be sickened by a major outbreak of Salmonella-contaminated peanut products from the Peanut Corporation of America (PCA)-which ultimately killed at least nine people.

Over time, we came to find out the outbreak was not just a random
occurrence, but a part of a pattern of outbreaks impacting tens of
millions of Americans every year. Like many Americans who are impacted
by foodborne illness, I was shocked to find out that the nation’s
food-safety system is based, in large part, on century-old laws.
Furthermore, the agency charged with overseeing about 80 percent of the
U.S. food supply–the Food and Drug Administration (FDA)–inspects
domestic food-processing facilities on average only once every 10
years. In the area of inspections, as well as other components of our
food-safety system, the laws and regulations are severely lacking and
simply unsatisfactory in successfully managing what has evolved into a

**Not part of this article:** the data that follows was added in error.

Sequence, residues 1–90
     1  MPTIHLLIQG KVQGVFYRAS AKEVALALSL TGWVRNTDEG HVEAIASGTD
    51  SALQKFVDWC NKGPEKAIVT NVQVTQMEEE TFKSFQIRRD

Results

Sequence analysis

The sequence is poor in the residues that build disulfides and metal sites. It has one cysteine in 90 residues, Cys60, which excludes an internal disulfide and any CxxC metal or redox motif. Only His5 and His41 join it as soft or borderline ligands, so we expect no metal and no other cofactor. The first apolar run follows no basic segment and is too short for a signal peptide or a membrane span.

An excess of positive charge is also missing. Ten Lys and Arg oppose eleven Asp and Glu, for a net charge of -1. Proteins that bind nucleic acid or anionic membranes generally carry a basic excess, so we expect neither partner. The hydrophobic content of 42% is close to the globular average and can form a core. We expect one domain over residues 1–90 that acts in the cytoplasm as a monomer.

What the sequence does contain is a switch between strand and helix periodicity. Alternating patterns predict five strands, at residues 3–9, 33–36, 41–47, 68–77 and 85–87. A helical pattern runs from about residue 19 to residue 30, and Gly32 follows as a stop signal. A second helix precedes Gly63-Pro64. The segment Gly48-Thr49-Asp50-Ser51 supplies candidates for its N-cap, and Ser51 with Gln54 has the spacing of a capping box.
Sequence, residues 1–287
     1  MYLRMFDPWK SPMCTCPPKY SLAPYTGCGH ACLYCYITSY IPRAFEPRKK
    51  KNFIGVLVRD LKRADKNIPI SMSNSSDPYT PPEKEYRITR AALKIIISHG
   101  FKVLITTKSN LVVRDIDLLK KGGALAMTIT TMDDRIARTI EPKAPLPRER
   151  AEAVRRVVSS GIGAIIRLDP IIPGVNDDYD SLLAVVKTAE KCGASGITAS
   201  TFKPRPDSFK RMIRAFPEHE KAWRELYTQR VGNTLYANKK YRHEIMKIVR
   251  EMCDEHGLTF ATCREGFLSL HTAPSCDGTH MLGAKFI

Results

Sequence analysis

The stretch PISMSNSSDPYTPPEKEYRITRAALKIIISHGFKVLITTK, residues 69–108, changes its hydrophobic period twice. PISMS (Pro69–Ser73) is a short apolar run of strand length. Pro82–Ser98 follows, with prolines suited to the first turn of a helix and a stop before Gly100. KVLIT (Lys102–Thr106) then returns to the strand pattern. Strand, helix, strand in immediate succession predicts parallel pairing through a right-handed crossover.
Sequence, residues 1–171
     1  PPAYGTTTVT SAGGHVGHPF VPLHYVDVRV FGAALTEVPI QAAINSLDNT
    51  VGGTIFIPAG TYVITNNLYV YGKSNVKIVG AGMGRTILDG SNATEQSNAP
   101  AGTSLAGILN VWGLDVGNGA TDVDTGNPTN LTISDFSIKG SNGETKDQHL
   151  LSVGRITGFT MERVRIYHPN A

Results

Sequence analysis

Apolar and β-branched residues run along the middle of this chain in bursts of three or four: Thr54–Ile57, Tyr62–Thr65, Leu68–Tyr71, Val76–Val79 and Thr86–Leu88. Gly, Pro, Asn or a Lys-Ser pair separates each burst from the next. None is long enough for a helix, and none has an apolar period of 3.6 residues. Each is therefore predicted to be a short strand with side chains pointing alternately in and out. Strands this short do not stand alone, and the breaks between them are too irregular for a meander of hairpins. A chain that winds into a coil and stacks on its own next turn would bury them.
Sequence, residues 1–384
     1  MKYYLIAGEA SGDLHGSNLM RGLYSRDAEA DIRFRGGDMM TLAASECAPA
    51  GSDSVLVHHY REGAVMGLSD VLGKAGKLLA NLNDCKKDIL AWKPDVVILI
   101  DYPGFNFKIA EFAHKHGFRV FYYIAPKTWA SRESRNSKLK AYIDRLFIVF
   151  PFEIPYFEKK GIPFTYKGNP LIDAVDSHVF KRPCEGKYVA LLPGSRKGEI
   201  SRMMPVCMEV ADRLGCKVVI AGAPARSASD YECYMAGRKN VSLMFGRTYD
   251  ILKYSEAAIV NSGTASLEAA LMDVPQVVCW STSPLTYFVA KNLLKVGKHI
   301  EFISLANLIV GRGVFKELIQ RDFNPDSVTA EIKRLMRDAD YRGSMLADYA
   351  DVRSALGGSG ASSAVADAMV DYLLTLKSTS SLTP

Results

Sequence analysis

complex global food supply.

Americans were alarmed by the peanut product outbreak. Over 3,000
products were recalled–one of the largest single food recalls in U.S.
history. Outraged lawmakers convened hearings and promised to implement
meaningful food-safety reforms. President Barack Obama and
Congressional leaders from both parties have called for action.
According to a bipartisan poll commissioned by The Pew Charitable
Trusts, nine out of 10 Americans favor legislation to strengthen our
food-safety laws. Yet, here we are, one year after the outbreak was
identified, and Americans are still waiting for Congress to enact
comprehensive FDA food-safety legislation.